An operation led by the Anti-Corruption Police and the Public Prosecutor’s Office hit the Venezuelan political scene hard. The authorities are investigating alleged cases of corruption on the part of judges, mayors, governors and, above all, leaders of PDVSA, Venezuela’s state-owned oil company.
After several arrests made since last Friday (17), the Minister of Petroleum, Tareck El Aissami, resigned from his position and President Nicolás Maduro promised to restructure the company “at the highest levels of command”.
The facts opened a crisis in the sector, which had been struggling to recover economically after years of low productivity and sanctions imposed by the US. On Tuesday night (21), Maduro announced that the newly appointed director of PDVSA, Pedro Tellechea, will also be the country’s new oil minister.
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Despite the repercussions, however, the Public Prosecutor’s Office and the Police have not yet presented, as of this Wednesday (22), a balance of the operation involving the number of detainees, the identity of the suspects and the alleged crimes for which they are being investigated.
Who was arrested?
On Sunday (19), the Police released the first – and only, so far – list of detainees, with four names: Cristóbal Cornieles Perret and José Mascimino Marquez, judges in Caracas; Pedro Hernández, mayor of the municipality of Las Tejerías; and Joselit Ramírez, director of the Venezuelan Cryptocurrency Superintendence (Sunacrip).
Despite the fact that the Attorney General of the Republic, Tareck William Saab, stated in an interview with Radio Onda last Monday that other arrests would be made in the next few days, the MP and the Police did not disclose information about new arrests.
Already this Tuesday (21), the President of the Legislative, Jorge Rodríguez, said that 19 people had already been arrested, but did not offer details.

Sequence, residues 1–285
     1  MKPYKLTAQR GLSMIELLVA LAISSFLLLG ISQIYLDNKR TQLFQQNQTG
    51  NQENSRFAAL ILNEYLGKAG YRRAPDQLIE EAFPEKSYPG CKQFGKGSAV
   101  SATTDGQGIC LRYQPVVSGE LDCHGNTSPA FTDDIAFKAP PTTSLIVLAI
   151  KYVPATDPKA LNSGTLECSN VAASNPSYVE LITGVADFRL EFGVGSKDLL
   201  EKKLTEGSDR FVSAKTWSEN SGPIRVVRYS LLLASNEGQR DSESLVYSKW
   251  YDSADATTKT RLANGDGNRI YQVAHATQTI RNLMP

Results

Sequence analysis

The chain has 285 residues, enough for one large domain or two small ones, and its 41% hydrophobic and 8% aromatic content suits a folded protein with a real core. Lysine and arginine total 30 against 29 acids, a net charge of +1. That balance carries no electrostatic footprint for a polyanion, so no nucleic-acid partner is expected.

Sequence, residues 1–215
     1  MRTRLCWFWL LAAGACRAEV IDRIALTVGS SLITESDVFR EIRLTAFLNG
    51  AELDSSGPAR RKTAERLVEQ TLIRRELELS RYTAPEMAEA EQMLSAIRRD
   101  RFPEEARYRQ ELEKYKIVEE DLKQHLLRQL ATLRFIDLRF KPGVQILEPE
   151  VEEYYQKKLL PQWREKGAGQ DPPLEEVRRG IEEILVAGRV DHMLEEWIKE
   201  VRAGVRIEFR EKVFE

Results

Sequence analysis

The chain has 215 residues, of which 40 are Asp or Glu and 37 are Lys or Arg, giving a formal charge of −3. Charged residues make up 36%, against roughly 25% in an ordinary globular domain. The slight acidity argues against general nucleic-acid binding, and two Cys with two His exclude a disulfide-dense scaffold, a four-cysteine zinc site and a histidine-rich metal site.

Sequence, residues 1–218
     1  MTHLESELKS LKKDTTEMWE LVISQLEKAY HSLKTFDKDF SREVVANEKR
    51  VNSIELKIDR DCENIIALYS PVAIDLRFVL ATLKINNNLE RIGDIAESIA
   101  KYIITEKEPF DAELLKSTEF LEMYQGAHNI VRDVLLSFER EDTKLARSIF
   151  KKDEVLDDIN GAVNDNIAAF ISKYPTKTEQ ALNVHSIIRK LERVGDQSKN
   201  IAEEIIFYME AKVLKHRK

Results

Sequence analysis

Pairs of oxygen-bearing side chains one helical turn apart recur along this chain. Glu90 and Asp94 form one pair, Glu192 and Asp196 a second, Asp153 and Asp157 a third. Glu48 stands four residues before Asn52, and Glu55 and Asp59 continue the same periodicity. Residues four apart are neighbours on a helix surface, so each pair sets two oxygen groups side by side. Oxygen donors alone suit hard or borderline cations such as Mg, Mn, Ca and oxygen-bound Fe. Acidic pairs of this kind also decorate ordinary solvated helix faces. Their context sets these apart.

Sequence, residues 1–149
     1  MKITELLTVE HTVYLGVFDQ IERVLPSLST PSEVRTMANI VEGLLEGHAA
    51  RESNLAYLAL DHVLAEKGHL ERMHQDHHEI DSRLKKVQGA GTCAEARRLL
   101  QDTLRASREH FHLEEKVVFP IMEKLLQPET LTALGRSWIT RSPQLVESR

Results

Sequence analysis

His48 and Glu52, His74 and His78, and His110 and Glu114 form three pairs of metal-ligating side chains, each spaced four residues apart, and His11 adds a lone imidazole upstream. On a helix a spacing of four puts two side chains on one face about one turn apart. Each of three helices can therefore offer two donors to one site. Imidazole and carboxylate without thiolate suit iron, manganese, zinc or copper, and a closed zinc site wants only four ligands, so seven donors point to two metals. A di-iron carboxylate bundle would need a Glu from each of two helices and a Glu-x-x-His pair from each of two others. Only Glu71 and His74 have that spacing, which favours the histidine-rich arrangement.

In addition to the four detainees officially announced by the Anti-Corruption Police, another six names of people who would have been arrested were released by the Venezuelan press and at least one was confirmed by Parliament itself: deputy Hugbel Roa, from the ruling PSUV party.
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Roa’s arrest had already been announced by local newspapers on Sunday night, but in a session held this Tuesday, the National Assembly confirmed that the deputy was being held on suspicion of corruption and approved the withdrawal of his parliamentary immunity.
Citing a “source linked to the investigations”, the AFP agency points out that Roa had links with the former governor of Sucre, Edwin Rojas, who would also have been arrested. Both would be partners of businessman Alejandro Arroyo, former president of the soccer club Mineros de Guayana.
The local press mentions some names of PDVSA employees who were also allegedly arrested, although these arrests have not been confirmed by the authorities. According to the daily Tal Cual, Antonio Pérez Suárez, vice president of Commerce and Quality Supply, Samuel Testamarck, general manager of the PDV Marina subsidiary, and José Agustín Ramos Chirinos, manager of Loss Prevention and Control, are under arrest.
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This Monday, the operation also reached the private sector. According to the Venezuelan portal The boardbusinessman Rafael Rodríguez Perdomo, one of the owners of construction company HP, is among those arrested by the Anti-Corruption Police.